In case you haven’t heard yet, a new Barry McGee mural was just completed in Brooklyn. It was commissioned by Vanity Fair and kicks some serious ass. The mural adorns a 100-foot wall on the Mark Morris Dance Center in Fort Greene. It is refreshing because it does not pretend to be a site-specific community mural, as so many murals are these days. Instead of making an idiotic artwork with giant dancers or photorealistic images of cultural heroes from the neighborhood, it is a kind of autobiographical work that has little to do with anything and is content to be in a conversation with itself. Political correctness is out, individualism is in. And that’s a good thing.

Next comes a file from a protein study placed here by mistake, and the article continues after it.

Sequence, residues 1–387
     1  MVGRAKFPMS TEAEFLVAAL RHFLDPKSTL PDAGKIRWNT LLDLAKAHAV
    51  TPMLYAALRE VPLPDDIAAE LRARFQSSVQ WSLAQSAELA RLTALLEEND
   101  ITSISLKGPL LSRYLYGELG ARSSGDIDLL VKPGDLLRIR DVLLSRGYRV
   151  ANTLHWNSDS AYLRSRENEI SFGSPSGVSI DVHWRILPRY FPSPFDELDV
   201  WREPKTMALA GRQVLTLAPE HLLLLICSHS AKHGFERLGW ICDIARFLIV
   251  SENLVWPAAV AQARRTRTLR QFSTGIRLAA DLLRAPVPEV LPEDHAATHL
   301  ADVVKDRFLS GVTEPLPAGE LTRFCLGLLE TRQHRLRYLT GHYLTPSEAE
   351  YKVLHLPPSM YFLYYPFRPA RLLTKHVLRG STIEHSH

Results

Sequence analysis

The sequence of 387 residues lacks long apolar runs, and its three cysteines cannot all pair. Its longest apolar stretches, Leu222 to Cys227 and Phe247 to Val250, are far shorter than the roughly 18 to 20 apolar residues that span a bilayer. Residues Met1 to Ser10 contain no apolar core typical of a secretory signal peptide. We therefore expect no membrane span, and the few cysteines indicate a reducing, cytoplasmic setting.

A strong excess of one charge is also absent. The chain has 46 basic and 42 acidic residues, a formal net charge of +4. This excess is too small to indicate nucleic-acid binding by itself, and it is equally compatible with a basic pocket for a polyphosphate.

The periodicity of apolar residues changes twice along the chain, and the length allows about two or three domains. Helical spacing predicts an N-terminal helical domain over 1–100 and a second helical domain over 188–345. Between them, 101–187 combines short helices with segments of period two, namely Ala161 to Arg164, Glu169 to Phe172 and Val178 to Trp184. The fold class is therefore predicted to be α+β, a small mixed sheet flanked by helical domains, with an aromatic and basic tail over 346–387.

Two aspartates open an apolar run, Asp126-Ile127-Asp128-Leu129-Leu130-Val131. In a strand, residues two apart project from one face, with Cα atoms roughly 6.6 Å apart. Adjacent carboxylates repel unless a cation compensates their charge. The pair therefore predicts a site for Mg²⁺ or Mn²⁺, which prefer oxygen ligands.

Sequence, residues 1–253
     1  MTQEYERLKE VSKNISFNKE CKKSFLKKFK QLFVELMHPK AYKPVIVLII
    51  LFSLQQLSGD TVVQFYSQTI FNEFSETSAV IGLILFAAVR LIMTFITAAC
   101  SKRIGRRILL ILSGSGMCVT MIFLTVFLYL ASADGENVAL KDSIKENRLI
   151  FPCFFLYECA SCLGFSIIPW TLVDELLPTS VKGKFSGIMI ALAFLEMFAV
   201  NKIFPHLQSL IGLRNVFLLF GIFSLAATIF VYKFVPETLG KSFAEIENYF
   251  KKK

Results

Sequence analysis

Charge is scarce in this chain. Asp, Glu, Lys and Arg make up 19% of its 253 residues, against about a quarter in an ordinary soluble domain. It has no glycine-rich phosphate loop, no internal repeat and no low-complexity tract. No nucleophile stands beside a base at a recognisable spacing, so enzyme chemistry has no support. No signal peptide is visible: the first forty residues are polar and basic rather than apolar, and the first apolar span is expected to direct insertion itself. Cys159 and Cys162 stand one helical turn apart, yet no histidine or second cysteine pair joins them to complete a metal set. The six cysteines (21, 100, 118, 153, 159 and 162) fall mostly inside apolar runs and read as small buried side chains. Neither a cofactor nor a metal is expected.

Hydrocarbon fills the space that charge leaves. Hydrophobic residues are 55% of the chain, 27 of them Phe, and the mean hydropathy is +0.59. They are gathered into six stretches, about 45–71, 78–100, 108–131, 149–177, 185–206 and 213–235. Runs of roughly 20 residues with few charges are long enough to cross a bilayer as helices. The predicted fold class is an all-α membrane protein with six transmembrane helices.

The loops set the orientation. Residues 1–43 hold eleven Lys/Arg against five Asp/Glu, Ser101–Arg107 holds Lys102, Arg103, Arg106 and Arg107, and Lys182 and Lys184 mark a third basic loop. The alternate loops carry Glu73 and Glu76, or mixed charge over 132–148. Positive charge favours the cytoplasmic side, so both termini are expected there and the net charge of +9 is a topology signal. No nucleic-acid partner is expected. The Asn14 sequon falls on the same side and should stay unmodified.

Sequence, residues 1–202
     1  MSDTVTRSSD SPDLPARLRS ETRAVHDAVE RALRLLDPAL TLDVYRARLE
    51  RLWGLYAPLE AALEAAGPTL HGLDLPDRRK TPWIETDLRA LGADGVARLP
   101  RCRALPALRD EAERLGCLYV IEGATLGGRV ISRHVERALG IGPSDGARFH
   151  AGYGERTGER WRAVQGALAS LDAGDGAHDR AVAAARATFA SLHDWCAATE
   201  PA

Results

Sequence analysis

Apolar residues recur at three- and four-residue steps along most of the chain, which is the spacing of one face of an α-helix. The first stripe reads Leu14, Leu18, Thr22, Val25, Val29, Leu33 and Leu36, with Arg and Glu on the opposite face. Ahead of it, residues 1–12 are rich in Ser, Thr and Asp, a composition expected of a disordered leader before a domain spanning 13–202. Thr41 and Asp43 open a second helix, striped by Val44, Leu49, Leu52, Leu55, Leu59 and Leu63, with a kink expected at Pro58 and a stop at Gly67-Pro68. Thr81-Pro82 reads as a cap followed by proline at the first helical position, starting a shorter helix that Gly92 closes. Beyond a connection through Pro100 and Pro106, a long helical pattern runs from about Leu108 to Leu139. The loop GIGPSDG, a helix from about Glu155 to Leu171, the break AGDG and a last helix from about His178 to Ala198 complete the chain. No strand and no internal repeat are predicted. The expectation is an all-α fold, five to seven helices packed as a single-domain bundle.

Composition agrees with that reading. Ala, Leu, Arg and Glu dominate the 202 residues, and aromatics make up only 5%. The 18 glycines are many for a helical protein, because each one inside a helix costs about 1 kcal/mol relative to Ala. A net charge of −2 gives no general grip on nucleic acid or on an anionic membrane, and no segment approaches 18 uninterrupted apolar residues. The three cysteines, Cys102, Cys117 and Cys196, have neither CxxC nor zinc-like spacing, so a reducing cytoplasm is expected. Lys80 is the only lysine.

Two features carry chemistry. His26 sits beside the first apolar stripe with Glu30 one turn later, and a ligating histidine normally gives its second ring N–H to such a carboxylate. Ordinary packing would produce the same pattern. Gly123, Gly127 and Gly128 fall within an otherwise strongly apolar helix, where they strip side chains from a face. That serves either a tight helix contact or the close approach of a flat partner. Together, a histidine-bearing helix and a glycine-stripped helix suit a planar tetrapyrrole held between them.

Fort Greene, nonetheless, is currently undergoing a kind of creative renaissance and is a magnet for all kinds of interesting people. It’s where Spike Lee has his film studio and is home to the likes of singer Erykah Badu, jazz pianist Cecil Taylor, media personality Touré, painter Chris Ofili, Popa Wu from the Wu Tang Clan, and Mos Def. Many writers have lived in the neighborhood, too, including Walt Whitman and Richard Wright. In fact, Wright wrote his Native Son while living at 175 Carlton Ave. there — just a few short blocks from where McGee’s mural is.